difference. If that doesn’t work and the bear continues to approach you, we advise people if you are in a group
to get close together, wave your arms, yell. Try to get on higher ground or on a rock. Try to make yourself bigger. Pick up a rock or stick and throw it toward the animal. And try to make yourself more dominant and more authoritative than the animal.
Try to reestablish your dominance over that bear. If you do all those things and it still doesn’t work, and the bear continues to approach you, If you think the bear’s after your
food and it makes contact with you, you need to separate yourself from your food. Don’t protect your food at all
cost, that’s for sure. However if the bear does not show interest to your food, and the bear continues to come towards you and basically jumps on you, we tell people to
fight back aggressively. Do not, absolutely, do not play dead in a case where you are attacked by a black bear. Help protect others. Report all bear incidents to a park
ranger immediately. Bear pepper spray may be carried by
hikers within the park for protection against bodily harm from aggressive
wildlife. It must be commercially manufactured and
labeled as bear pepper spray and be registered with the
environmental protection agency and individual states. Bearspray must contain between one
to two percent of the active ingredients capsaicin and related capsaicinoids. Attacks on humans are rare and can be avoided by giving animals plenty of space and by following park rules for food and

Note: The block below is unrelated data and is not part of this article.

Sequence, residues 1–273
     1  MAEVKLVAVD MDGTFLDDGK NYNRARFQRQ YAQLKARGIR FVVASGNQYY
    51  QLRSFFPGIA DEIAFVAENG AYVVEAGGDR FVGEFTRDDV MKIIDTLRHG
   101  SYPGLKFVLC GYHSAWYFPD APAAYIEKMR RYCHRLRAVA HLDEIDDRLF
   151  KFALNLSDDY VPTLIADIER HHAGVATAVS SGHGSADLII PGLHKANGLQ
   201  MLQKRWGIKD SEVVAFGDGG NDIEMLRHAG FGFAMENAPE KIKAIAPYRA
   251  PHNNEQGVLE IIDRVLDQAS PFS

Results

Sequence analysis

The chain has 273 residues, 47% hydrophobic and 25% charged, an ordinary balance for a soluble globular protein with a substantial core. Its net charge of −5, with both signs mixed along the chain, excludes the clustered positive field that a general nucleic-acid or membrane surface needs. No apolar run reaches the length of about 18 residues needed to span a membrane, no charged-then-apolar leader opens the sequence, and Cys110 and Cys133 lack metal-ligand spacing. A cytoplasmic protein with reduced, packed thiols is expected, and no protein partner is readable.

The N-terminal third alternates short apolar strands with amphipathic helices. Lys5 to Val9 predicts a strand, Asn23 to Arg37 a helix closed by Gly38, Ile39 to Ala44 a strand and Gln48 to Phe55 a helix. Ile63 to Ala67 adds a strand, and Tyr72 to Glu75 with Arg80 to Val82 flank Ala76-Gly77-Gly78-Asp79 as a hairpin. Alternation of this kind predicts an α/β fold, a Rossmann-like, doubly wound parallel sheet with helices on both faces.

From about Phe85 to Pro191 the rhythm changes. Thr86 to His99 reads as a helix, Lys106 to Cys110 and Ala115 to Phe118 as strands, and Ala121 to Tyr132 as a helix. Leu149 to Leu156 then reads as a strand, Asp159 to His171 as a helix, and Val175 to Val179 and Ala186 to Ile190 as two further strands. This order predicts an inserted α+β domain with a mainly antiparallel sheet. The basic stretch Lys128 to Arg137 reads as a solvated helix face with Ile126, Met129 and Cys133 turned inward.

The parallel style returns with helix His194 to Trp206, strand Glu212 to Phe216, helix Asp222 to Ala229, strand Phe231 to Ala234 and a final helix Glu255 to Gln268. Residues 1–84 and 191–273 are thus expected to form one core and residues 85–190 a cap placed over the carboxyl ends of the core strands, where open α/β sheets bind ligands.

garbage storage and disposal. Remember to be aware of your
surroundings at all times, and be watchful for all forms of wildlife while out
hiking. The opportunity to safely observe
wildlife in its natural habitat is one of the privileges we gain by preserving this great and vital landscape.

31 thoughts on “Day Hiking and Wildlife”

  1. The Smokies are a great place to enjoy waterfalls, hiking trails and wildlife. Visit Gatlinburg and the surrounding regions and NEVER APPROACH BEARS 🙂

  2. As far as I understood, bears do not pose a big threat unless in extremely rare cases, and people may even want to see bears. But how do you know when a bear has in its mind maybe attacking you?

  3. I've been there many times and hiked and usually they do not come after you. I do carry a bear bell though. Just like any animal does if they get into a lower stance then you need to worry. Like he said they rarely attack, but be on the safe side and know what to do in case you do see them.

  4. I go hiking there once a year and I have encountered them a few times while I was there. They tend to get out of the way or leave the area, but I did back away once when I saw some up the trail. I will always carry two things at all times on me, a bear bell and bear spray. Beautiful animals to see in their natural habitat, but always remember you are the visitor, and its their home not yours.

  5. We are coming in 4 wks for a visit. I can't wait! It will be Amazing! Never been there. My girls will love it.

  6. I am a professional photographer and have photographed bears with telephoto lenses at an appropriate distance for many years. The behavior I have seen from several point and shoot photographers is very concerning. Keep up the good work and try to educate some of the idiots I've encountered in the park.

  7. So fight back aggressively upon an attack?   If I carry a firearm.   Is shooting the bear an acceptable aggressive attack approach in the GSM?

  8. Very informative video…I love the information that the ranger gave us and also the acting of the 2 hikers lol funny!!! I'm planning to visit the park next week so I am excited but nervous about the bears…since I will be visiting with my kids.

  9. I swear I am not going. Fudge this. I'm sorry for the bride that is going but I'm not going no where F this

  10. give them " Sugar Smacks"  Laced with extreme sleeping pills, when nappy time comes RUN<    not really, but always be prepared you are in some animals home big and small, have the right gear,

  11. I’m from Central Asia and me and my family spender this weekend there. It was awesome. I’ve the video of hiking in my channel.

  12. Thank you for the video. Most of these kinds of official videos are pretty lame, but that was very helpful.